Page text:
During World War II, when British Prime Minister Winston Churchill famously said, “we shall fight with growing confidence and growing strength in the air,” he probably had no idea that his allies on the other side of the Atlantic would one day be mounting high-powered lasers onto attack helicopters and frying targets in the blink of an eye.
But the U.S. military and a leading defense contractor have apparently pulled off such a feat.
On Monday, Raytheon said that it had bolted a laser to a U.S. Army Apache AH-64 helicopter and zapped an unmanned target at the White Sands Missile Range in New Mexico.
The weapons test marked the first time a “fully integrated laser system” had successfully located and shot a target from a rotary-wing aircraft “over a wide variety of flight regimes, altitudes and air speeds,” the company said in a statement.
Raytheon didn’t specify what the target was but said the helicopter’s laser “directed energy” on it from nearly a mile away. Unlike the computer rendering of the weapon provided by the company, the laser’s beam is invisible in real life.
Video from the missile range shows the Apache flying over the New Mexico desert with the laser — a gray, torpedo-like tube with a ball on the front — attached to the vehicle’s right side. Orange cables run from the back of the laser into the interior of the helicopter. At one point the video shows black and white images of a rectangular object with a bright flash in the center of it, captioned “LASER ON TARGET.” Dramatic drum music plays in the background. The laser’s shots were not shown in the footage.
The goal of the experiment, conducted in collaboration with U.S. Special Operations Command, was to see how well the Apache could fire the weapon given the vibration of the helicopter, the dust kicked up by the rotating blades and the vehicle’s “downwash,” or downward airflow. The information the team gleaned will be used to further develop the weapon, known simply as a High Energy Laser, or HEL.
“This data collection shows we’re right on track,” a Raytheon executive said in a statement.
The initiative has been underway for more than a year, according to National Defense Magazine, which reported last May that the military was eyeing a “feasibility test” for the weapon. The magazine quoted an Army official at the time saying that the technology was still in its early stages — not quite science fiction, but a long way from the battlefield.
“The lens we are looking at this through right now is: ‘Is it feasible to do this?’ We’re not at the point where we’ve laid out a business case to advance it,” said Col. John Vannoy, one of the program managers. “I wouldn’t say that we’re at the tipping point and you’re going to see a ‘Star Wars’-like effect or a Death Star laser hanging off the side of a rotary wing aircraft.”
The military is excited about the prospect of weaponized lasers for a number of reasons. For one, they fire in an almost perfectly straight line, making them far more accurate than artillery rounds. They can also be adjusted to destroy or disable different materials with greater precision, which could help reduce civilian casualties in warfare, especially when fired from attack helicopters. Tyler Rogoway, who writes about the military for the Drive, explained how that might work:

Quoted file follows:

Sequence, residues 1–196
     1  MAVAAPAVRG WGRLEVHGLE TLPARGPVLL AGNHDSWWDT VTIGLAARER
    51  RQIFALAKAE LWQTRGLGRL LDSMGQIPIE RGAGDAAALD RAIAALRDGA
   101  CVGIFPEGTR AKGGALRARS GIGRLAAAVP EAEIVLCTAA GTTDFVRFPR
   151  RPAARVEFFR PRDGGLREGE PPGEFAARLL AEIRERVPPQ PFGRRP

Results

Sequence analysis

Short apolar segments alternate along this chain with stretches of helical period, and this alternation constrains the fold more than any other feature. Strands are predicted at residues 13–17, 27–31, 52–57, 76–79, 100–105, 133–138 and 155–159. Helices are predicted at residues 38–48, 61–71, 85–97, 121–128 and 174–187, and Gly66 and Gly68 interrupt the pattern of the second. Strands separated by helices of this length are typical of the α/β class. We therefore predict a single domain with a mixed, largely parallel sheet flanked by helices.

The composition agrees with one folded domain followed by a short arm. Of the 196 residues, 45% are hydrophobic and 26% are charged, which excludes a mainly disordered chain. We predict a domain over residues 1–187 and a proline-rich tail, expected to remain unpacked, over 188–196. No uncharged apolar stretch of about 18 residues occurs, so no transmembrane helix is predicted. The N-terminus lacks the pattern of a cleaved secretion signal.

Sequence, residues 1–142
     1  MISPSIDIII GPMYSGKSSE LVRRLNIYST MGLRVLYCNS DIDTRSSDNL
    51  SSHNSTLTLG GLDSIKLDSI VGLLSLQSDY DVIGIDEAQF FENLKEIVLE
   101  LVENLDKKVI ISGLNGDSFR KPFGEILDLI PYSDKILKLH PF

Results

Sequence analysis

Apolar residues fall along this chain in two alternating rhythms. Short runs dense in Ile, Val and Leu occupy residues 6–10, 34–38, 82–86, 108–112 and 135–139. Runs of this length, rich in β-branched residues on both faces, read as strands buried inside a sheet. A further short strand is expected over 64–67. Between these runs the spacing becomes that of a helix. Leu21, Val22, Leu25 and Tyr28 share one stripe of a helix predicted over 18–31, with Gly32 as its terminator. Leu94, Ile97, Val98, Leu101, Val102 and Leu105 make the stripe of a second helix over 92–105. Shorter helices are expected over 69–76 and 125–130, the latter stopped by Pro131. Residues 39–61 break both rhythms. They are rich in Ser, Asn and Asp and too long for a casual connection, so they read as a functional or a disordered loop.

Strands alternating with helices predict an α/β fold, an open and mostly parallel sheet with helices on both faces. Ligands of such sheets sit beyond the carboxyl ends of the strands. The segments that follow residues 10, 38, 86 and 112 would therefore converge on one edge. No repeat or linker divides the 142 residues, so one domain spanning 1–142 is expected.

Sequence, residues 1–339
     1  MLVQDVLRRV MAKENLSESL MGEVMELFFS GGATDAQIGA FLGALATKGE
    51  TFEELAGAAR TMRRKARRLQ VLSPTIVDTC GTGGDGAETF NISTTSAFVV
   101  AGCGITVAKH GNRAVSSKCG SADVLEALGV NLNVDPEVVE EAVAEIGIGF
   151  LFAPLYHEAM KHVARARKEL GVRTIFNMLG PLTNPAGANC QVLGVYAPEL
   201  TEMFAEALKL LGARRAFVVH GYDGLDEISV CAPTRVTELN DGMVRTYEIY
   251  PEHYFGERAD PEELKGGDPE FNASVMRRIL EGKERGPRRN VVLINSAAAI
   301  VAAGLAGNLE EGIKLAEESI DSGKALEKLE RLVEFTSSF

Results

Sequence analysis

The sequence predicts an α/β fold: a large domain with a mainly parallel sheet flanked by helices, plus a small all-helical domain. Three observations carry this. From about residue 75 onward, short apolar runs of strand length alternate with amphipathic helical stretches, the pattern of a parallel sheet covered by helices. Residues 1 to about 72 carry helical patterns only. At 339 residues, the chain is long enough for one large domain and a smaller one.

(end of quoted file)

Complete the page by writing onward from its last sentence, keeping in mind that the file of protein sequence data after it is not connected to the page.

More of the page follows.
Unless you want a fairly large explosion that will obliterate a small building or a few vehicles, the best weapons available to Apache crews are the helicopter’s 30 mm cannon and the recent addition of laser-guided rockets. Yet even these surgical weapons, with their highly-localized effects on the battlefield, still use high-explosives to make a big bang; if you want to be extremely precise with almost no chance of collateral damage, lasers are the way to go.
If you want a tactical aircraft fighting in a combat zone to destroy a piece of equipment, like a power generator, but without destroying the structure it’s attached to, or to disable a vehicle without killing anyone standing around it, you’re out of luck unless you have a laser.
On a slightly less gruesome note, laser rounds are a lot cheaper than artillery rounds, which cost tens of thousands of dollars each, as Matthew Ketner, branch chief of the High Energy Laser Controls and Integration Directorate in Virginia, noted last month.
“Unlike a traditional gun,” he said, “lasers don’t run out of bullets.”
Of course, such weapons are designed to destroy structures and take lives, and human rights organizations have raised alarms about their deployment in the battlefield (imagine the unspeakable pain of being burned by a high-energy light beam from miles away). In 1995, the United Nations banned “blinding” laser weapons, which to date have never been used in armed conflict.
Raytheon’s claimed success in New Mexico was the latest of several highly publicized tests of laser weapons systems by the U.S. military and defense contractors. In 2014, the U.S. Navy mounted a 30-kilowatt laser gun on the deck of the USS Ponce and blasted some small targets, including a moving speed boat. Video from the demonstration showed a burst of fire and smoke aboard the deck of the boat as the weapon hit its target.
Also in 2014, Boeing published a video claiming to show a 10-kilowatt laser destroying a mortar in midflight. The military has also had success this year beaming drones out of the sky using 5- and 10-kilowatt lasers mounted atop armored vehicles. After one exercise, an Army staff sergeant told reporters he lost count of how many he shot down. “It was extremely effective,” he said.
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